There are two types of people — those who give energy, and those who take it.
When I stand on the edge of the sea and feel the palpable spray of the waves, a force rushes through me like a storm; I am alive.
For billions of years, this perennial source of strength has radiated from the earth’s core to flow freely; it connects us to the planet, to the mountains and the wind, to one another.
We, as individuals, are microcosms in the puzzle piece of the cosmos — our spirits intertwine more deeply than we know.
We preserve the same energy as the earth’s core within ourselves: the power to inspire. It’s as simple as a word of encouragement, reaching out to a friend and being there, truly being there.
There’s nowhere else to be, not pondering the past or worrying about the future; we’ll lose the moment if we do. Often being present is all someone needs to continue fighting.
Right now, we could all use it more than ever.
The Dream of Van Gogh
Vincent Van Gogh is my favorite artist because he was fearless. He aspired to touch others through his work and give them the feeling that they were alive.
With each smooth brushstroke, stirring as the color of the sun — Van Gogh hoped to say; I am here for you, we’re in this fight together.
We can do with our words what Vincent Van Gogh sought to do with his art.
He didn’t paint to create a fictional reality; he longed to grasp the essence of our world and share its light with others. In his letters to his brother Theo Van Gogh, we see Vincent’s vulnerability and passion for other human beings. Van Gogh writes:
“In a picture, I wish to say something that would console as music does…”
But inside of Van Gogh was a dark cloud. He couldn’t sincerely connect with others because he was so off-course. Nobody knew it. More likely, they didn’t care enough to help.
Van Gogh elucidates his inner turmoil in another letter to Theo:
“A caged bird in spring knows perfectly well that there is some way in which he should be able to serve. He is well aware that there is something to be done, but he is unable to do it…
There are no outward signs of what is going on inside him; he is doing well. He is quite cheerful in the sunshine.”
We often don’t ask the truth of others because we assume all is well.
However, this time we’re living through is an opportunity to change our daily interactions. We often pass others like two ships in the night. We’re aware of one another, but unwilling to dig and communicate honestly.
I am no better than anyone else. I’m often preoccupied with my thoughts, or I figure the other person would rather not talk at all. Nonetheless, every day is another chance to grow.
In Search of Purpose
Vincent Van Gogh needed somebody there for him.
He wrote to his brother regularly to fill his inner void; as an art dealer in Paris, Theo attempted to sell Vincent’s paintings. Yet, the art we today consider some of the greatest ever made procured no value until after his death.
Theo couldn’t help Vincent before he took his own life.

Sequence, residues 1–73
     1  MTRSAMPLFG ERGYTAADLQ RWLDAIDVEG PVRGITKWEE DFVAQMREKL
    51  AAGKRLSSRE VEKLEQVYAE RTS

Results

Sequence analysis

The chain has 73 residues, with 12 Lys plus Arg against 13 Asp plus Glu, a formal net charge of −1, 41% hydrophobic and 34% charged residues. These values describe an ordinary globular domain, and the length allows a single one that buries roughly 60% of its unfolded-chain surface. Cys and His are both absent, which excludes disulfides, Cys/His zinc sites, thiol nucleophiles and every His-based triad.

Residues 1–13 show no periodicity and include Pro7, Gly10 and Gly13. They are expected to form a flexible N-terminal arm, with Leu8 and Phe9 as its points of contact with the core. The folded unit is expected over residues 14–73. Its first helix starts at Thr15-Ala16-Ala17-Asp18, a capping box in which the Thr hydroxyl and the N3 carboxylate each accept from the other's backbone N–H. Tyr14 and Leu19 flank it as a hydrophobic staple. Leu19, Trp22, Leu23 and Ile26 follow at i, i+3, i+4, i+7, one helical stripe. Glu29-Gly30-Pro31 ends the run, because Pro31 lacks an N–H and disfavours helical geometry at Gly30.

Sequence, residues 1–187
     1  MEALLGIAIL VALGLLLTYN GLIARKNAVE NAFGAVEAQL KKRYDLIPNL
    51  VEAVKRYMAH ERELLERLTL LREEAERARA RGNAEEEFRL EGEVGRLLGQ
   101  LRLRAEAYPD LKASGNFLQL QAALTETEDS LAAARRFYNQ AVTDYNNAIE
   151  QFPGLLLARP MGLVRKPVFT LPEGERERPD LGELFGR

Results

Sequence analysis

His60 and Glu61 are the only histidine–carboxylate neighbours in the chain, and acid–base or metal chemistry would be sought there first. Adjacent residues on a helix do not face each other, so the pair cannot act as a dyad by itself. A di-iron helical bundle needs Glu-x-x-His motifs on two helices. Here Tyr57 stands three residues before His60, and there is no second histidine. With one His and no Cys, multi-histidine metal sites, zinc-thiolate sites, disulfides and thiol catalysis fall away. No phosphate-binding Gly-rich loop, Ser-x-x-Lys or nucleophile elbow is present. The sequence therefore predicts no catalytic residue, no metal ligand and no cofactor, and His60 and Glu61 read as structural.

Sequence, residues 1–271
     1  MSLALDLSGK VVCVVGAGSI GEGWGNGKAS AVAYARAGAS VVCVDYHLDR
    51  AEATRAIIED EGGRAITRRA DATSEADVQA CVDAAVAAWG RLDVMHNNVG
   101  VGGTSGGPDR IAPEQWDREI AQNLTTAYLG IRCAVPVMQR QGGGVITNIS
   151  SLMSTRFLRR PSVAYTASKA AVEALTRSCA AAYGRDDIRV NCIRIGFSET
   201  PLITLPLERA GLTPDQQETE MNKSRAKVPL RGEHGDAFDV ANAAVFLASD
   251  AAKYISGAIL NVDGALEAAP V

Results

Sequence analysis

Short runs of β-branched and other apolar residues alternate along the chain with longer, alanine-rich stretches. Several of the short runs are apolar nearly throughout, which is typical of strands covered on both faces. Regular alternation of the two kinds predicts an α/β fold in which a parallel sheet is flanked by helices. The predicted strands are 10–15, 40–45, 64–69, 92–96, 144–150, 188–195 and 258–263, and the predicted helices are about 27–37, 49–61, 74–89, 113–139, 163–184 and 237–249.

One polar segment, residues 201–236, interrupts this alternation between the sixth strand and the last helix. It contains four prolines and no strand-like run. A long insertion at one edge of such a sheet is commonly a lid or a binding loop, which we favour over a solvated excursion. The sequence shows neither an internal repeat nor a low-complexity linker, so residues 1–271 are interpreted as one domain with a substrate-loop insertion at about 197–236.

In 1880, Vincent wrote to Theo:
“A just or unjustly ruined reputation, poverty, fatal circumstances, adversity; that is what makes men prisoners.. do you know what frees one from this captivity? It is very deep, serious affection.
Being friends, being brothers, love — that is what opens the prison by supreme power. But without that one remains in prison.”
In an attempt to fill his inner being with a semblance of light, Vincent tried to create the vivid, colorful truth he envisioned. But Van Gogh was lost without another soul to lean on. The burden he felt was too much to handle.
Right now, we’re all in the same distressing circumstance.
To find peace within ourselves is not easy.
Our insecurities have the potential to turn us into a ticking time bomb, waiting to erupt on the ones we love.
It takes quieting the noise and tapping into our natural tranquility to get through this.
But if we make an effort to be there for one another, to reach out when we don’t see the need, then we will not only survive but thrive.
Vincent Van Gogh loved people. If he could, he would be that rock for others. What he desired to do through his painting, we can do with a question of kindness and sheer curiosity; this is why we’re here.
I look at the work of Van Gogh, and I see simplicity — sweeping fields of yellow wheat, city clouds that make us feel meaningless in their guise of divinity.
But Van Gogh was a tortured artist. He wanted nothing more than to express human nature, the very thing we often take for granted.
We revere Van Gogh for his inimitable painting; I believe his writing was just as profound.
In a letter from 1878, he describes to his brother Theo a trip he took with his father to Brussels:
“The sun was setting red behind the pine trees, and the evening sky was reflected in the pools; the heath and the yellow and white and grey sand were so full of harmony and sentiment — see, there are moments in life when everything, within us too, is full of peace and sentiment, and our whole life seems to be a path through the heath…”
He writes as if illustrating his words; he felt a brief moment of inner peace. Nature was the only thing to provide him with pure happiness.
Van Gogh saw the world as a reverie: lucid and full of color. Even so, with nobody to share his dream, what he perceived in nature was bereft in his soul.
The Starry Night
We are born free. Although too often, the strenuous nuances of the day filter into our consciousness and bring us down. There’s negative energy from the constant noise; it’s our job to protect our inner spirit.
Van Gogh painted to give others the joy of a beautiful symphony. We, too, have the impact with our caring words to provide the repose we feel when looking at The Starry Night.
We live in the world which Van Gogh painted — bursting with color and light. That inspiration comes from within; we don’t know who needs it — now, more than ever.